This should really cause all of us to pause and wonder! How much privacy do you truly have with all of this technology surrounding you? Are you really directing your own life? What decisions would you make for yourself if someone wasn’t constantly behind the scenes orchestrating what internet, social media, and postal advertising was available to you? I bet at least 50% of the time 95% of us would make different choices in nearly every arena. Think about it!
Let me know how you feel about these recent developments in our societal interactions and share how they have affected your daily life. Love to hear from you!
I know. Talk about stating the obvious. Sorry. I guess I am just stating it with purpose. I apologize for being very late with this post. It has been a bear of a week. My mother-in-law, who is elderly and in poor health, fell at my sister-in-laws Sunday night. She was down there visiting and, from what we understand, fell over her oxygen line when on the way to the bathroom. Well, I am sure you already guessed, she broke her hip and, yes, needed surgery. So, they did the surgery, and she ended up experiencing what is called “Postoperative Delirium”. That means, in a nutshell, that she is not regaining her full cognitive function. She is having difficulty speaking more than a word or two, she cannot chew and swallow, and she is not able to focus on anything. She is in a hospital 2 1/2 hours from home and the weather is typical Texas spring weather. Beautiful and balmy Monday, freezing rain and sleet Tuesday, overcast and cool Wednesday. You get the idea. Nothing much is getting done around here.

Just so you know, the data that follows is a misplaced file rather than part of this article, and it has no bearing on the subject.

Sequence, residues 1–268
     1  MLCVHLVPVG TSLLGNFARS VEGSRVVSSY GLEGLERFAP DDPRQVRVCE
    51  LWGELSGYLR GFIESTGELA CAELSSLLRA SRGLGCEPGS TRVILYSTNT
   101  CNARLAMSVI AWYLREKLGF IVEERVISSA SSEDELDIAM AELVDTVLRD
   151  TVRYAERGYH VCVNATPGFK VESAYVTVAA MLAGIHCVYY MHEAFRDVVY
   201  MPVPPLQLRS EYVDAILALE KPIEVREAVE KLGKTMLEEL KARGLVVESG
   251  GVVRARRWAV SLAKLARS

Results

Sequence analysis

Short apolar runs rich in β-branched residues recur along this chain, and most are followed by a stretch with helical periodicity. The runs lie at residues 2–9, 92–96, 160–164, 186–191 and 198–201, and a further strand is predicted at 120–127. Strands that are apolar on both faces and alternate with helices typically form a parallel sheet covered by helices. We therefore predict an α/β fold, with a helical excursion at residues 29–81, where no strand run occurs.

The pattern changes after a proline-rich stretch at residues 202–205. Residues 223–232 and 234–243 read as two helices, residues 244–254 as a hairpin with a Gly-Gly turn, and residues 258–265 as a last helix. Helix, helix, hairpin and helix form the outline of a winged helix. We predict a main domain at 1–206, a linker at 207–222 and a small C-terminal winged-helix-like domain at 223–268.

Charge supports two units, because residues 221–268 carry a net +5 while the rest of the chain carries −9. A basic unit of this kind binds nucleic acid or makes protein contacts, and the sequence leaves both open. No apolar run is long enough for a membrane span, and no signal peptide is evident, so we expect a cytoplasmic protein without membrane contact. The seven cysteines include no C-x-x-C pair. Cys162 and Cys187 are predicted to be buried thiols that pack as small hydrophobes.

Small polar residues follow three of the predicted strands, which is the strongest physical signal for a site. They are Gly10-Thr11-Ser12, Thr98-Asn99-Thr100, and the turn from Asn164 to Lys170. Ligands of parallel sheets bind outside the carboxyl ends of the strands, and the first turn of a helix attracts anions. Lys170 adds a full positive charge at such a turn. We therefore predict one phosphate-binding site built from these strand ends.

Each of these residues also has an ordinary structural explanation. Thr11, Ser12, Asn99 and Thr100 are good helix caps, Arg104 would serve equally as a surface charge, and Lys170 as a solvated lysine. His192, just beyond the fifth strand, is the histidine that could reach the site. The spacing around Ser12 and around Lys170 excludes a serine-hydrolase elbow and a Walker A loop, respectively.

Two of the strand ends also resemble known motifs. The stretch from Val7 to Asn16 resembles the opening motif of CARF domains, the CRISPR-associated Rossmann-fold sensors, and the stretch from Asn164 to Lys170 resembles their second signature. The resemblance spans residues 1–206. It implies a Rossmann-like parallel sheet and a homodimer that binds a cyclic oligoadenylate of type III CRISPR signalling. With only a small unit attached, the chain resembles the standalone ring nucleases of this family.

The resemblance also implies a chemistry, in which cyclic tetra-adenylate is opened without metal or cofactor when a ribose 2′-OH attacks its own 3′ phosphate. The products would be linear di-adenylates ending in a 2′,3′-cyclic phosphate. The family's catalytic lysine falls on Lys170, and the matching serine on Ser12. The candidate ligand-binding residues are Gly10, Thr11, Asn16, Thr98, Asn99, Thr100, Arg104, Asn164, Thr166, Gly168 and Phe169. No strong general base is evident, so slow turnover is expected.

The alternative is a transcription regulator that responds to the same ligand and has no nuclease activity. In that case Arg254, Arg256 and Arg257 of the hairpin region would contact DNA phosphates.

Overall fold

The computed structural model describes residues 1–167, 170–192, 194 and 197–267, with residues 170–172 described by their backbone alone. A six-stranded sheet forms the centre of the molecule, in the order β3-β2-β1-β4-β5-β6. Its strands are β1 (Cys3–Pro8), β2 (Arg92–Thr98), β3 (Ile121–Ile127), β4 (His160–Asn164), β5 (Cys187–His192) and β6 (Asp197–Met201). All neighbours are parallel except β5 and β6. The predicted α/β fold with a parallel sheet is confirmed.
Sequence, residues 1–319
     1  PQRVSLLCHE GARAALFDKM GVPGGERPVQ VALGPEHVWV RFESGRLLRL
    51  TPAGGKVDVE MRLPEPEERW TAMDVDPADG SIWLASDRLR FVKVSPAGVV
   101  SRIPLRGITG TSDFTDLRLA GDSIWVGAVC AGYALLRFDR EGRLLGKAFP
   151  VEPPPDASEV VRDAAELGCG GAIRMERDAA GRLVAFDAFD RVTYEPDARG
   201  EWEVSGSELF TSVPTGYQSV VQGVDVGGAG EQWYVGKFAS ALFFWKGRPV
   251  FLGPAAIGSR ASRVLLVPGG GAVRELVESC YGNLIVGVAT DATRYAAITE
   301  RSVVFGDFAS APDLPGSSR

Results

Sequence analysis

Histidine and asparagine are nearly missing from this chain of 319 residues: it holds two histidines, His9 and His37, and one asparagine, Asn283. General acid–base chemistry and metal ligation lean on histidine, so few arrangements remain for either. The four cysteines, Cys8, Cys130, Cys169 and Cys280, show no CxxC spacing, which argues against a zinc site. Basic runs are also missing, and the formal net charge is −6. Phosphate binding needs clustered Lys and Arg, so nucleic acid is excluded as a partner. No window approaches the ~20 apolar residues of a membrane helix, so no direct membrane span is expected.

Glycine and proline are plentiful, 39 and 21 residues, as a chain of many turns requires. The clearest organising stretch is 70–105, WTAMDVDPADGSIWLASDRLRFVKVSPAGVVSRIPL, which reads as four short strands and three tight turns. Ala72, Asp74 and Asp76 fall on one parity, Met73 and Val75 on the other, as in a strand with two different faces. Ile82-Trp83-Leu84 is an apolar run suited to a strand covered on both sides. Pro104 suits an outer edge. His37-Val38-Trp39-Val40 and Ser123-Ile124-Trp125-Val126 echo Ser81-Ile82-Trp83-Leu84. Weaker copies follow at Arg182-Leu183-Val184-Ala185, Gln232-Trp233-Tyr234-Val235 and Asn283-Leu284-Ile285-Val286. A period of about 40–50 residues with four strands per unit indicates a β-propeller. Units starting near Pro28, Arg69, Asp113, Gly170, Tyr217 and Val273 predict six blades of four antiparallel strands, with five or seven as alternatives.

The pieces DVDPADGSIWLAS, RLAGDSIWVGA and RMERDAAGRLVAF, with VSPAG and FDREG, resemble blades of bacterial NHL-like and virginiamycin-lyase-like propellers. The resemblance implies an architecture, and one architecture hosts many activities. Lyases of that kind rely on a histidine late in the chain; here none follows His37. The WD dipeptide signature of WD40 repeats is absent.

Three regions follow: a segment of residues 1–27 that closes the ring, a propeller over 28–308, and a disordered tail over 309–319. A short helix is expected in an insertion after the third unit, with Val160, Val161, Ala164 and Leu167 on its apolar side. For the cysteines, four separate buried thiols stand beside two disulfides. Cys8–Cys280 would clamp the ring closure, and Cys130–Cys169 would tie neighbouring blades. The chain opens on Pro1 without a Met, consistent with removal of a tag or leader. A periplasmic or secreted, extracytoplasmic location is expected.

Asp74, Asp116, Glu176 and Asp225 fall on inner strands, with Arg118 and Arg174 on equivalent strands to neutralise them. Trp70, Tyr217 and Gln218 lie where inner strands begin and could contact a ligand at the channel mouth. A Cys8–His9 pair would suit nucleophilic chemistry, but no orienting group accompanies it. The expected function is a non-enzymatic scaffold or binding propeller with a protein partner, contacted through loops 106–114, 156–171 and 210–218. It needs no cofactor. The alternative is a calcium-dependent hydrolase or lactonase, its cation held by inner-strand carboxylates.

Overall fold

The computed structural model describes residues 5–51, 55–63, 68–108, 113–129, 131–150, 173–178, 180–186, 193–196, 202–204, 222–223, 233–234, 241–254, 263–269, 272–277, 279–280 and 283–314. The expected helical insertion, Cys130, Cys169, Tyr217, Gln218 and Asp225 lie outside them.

I did accomplish some more of the little chores though. I get a wild hare once in a while and push something through between cooking, cleaning, and laundry. This week I worked on an old coffee table that I am refinishing. It has been in the collapsing storage out back for about 13 years now. Originally it was a small dining table that my husband and I cut down into coffee table height for my father-in-law about 15 years ago. He used it for the last couple of years he was with us and we deemed it his “command center” . I guess no one around here wanted to deal with it after his passing so it just sat out in the gathering elements. Amazingly it was still in good condition and it is solid wood, so of course I saw an opportunity.
My whole adult life has been a process of looking for something that is discarded but salvageable, bringing it home (to my husband’s chagrin), and reviving it. For several years we had a retail store where we sold the multitudes of items that I reworked. We dealt with several interior decorator’s in Florida, supplying them with one-of-a-kind designs. I even used my own homemade milk paint and stains. In 2013 we lost everything we had to our name in a fire that consumed our store and our apartment above. With my health issues I did not have the ability to start from scratch again, so now I am back to the beginning. I find pieces and create my own art for personal use and, once in a while, I design and develop items for gifting.